In getting everyone ready, ScarletReport.com is running its "Countdown to Kickoff" series, and today's in-depth position analysis stops on the receivers.
Relevant players: Mohamed Sanu (So.), Mark Harrison (So.), Quron Pratt (R-Fr.), Mason Robinson (R-Jr.), Jeremy Deering (Fr.), Jawaun Wynn (Fr.), J.T. Tartacoff (Fr.), Aaron Hayward (R-Fr.), Keith Stroud (R-So.).
The Good: What can't Sanu do? Well, other than clone himself and give the Scarlet Knights another proven receiver. He runs the "Wildcat," gives Rutgers a precise route-runner, is physical and can get down the field.
He made 51 catches and scored a combined eight touchdowns, and that was before a full offseason of working out with quarterback Tom Savage to further develop their chemistry and timing.
Deering, a 20-year-old freshman, brings quick acceleration, size, above average hands the toughness to the position. He is a play-maker who can stretch the field, but with a build capable of surviving life going over the middle.
Harrison made five catches in eight games in 2009, but his season was impacted by injuries. It is not a good sign Harrison missed a week of practice after a head injury in a scrimmage.
Wynn rose further up the depth chart than any receiver in training camp and should get playing time. He is 6-foot-3, 190 pounds, and can use that size to go above defensive backs.
Pratt is out of the opener with a shoulder injury, but was one of the nice surprises of spring practice before getting injured early in training camp. Tartacoff's availability is in question because of a leg injury, but his knowledge of the offense after spending much of the spring on campus will work out well for him.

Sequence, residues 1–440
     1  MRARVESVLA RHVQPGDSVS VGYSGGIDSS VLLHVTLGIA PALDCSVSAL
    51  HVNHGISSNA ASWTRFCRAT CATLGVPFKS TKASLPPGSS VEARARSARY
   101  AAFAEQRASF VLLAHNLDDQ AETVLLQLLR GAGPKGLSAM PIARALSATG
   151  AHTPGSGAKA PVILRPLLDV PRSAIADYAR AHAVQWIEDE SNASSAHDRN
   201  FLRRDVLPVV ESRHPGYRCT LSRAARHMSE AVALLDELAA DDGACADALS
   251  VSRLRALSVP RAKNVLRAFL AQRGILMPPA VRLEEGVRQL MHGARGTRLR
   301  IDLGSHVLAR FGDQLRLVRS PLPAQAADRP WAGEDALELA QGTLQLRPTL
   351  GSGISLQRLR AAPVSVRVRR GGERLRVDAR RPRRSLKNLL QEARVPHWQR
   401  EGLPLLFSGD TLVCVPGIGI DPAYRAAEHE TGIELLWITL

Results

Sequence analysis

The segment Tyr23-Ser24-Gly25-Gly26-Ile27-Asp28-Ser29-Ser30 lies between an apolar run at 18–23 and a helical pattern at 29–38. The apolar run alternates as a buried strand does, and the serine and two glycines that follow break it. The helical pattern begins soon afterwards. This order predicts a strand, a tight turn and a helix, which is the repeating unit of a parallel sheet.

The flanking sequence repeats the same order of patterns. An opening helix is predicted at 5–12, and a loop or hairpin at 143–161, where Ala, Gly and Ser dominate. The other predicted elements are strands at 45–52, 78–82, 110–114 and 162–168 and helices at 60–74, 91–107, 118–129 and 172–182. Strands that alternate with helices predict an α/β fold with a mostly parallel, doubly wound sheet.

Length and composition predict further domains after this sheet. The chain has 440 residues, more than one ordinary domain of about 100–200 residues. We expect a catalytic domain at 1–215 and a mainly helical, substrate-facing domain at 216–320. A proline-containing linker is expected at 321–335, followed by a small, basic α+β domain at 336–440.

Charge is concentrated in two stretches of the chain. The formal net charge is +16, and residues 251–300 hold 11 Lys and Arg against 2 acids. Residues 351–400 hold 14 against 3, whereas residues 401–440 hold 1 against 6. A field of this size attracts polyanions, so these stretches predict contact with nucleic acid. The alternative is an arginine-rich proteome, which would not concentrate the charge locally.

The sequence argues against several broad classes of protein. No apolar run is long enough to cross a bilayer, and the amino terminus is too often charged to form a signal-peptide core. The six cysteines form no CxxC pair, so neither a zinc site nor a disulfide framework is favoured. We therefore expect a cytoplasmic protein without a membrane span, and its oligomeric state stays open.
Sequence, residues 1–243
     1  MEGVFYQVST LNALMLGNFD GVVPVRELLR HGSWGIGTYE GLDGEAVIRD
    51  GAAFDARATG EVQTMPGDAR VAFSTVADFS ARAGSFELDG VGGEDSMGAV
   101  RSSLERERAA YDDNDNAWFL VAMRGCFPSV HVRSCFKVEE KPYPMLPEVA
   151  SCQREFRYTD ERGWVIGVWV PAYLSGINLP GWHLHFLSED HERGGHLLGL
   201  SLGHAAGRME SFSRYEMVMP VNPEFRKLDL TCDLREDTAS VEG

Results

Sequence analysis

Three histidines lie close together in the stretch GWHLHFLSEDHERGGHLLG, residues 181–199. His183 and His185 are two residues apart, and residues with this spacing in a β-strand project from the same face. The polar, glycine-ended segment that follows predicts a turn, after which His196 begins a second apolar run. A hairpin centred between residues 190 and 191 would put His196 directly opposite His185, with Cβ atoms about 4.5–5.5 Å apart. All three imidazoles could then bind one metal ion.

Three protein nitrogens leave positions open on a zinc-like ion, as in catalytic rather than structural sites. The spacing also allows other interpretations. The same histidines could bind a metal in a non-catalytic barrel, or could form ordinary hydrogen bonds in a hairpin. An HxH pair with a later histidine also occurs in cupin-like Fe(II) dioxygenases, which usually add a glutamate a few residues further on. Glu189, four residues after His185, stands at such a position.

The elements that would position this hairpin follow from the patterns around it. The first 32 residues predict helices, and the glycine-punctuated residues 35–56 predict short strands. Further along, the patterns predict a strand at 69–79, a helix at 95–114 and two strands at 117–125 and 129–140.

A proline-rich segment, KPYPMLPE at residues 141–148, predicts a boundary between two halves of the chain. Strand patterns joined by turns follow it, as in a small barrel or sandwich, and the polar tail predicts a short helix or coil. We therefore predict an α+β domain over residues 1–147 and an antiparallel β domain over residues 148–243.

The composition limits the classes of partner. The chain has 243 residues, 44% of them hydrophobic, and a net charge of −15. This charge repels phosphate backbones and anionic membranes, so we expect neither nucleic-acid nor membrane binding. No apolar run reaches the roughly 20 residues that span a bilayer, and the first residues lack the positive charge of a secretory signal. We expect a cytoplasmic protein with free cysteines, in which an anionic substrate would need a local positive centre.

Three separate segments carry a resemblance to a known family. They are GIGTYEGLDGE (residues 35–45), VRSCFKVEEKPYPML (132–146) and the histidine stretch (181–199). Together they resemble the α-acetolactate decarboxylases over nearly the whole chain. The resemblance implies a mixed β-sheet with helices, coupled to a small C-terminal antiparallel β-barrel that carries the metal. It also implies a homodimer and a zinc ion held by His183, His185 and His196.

The Bad: Tim Wright had the best spring of anyone, started off training camp where he left off, then was lost for the season because of a knee injury. And behind Sanu and Harrison, gulp, Wright was the most experienced receiver on the roster.
Did we mention Wright is still looking for his first college reception?
There is loads of talent among the receivers, including Deering, Brandon Coleman, Wynn and Harrison, but it is young, young talent. Even Harrison, who is a starter if healthy, doesn't have much experience.
Robinson can be a very good as a receiver, but it speaks to the questions of depth at the position that Robinson was moved from running back last week and now is looking to play a significant role as a receiver.
The Unknown: Sanu made 51 catches and turned out to be a tremendous complement to Tim Brown in 2009. The talent is there for someone else to play that role with Sanu, but who will it be? Also, who will stretch the field?
Confidence meter: Scale of 1 to 10: 6